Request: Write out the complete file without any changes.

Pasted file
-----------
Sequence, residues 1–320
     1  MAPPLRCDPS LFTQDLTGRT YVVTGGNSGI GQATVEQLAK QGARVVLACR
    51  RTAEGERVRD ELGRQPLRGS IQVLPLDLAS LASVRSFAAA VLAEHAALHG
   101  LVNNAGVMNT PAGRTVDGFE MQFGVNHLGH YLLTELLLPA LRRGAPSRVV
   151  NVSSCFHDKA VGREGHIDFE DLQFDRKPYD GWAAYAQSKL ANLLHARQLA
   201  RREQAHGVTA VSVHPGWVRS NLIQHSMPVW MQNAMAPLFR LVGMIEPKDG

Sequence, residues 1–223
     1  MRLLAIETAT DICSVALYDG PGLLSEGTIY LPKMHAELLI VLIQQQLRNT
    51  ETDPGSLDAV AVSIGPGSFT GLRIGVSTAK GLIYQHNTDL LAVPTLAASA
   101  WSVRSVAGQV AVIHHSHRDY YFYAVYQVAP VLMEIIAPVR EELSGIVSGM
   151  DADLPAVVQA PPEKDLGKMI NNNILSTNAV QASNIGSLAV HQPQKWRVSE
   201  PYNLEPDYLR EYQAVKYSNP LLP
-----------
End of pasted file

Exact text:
Sequence, residues 1–320
     1  MAPPLRCDPS LFTQDLTGRT YVVTGGNSGI GQATVEQLAK QGARVVLACR
    51  RTAEGERVRD ELGRQPLRGS IQVLPLDLAS LASVRSFAAA VLAEHAALHG
   101  LVNNAGVMNT PAGRTVDGFE MQFGVNHLGH YLLTELLLPA LRRGAPSRVV
   151  NVSSCFHDKA VGREGHIDFE DLQFDRKPYD GWAAYAQSKL ANLLHARQLA
   201  RREQAHGVTA VSVHPGWVRS NLIQHSMPVW MQNAMAPLFR LVGMIEPKDG

Sequence, residues 1–223
     1  MRLLAIETAT DICSVALYDG PGLLSEGTIY LPKMHAELLI VLIQQQLRNT
    51  ETDPGSLDAV AVSIGPGSFT GLRIGVSTAK GLIYQHNTDL LAVPTLAASA
   101  WSVRSVAGQV AVIHHSHRDY YFYAVYQVAP VLMEIIAPVR EELSGIVSGM
   151  DADLPAVVQA PPEKDLGKMI NNNILSTNAV QASNIGSLAV HQPQKWRVSE
   201  PYNLEPDYLR EYQAVKYSNP LLP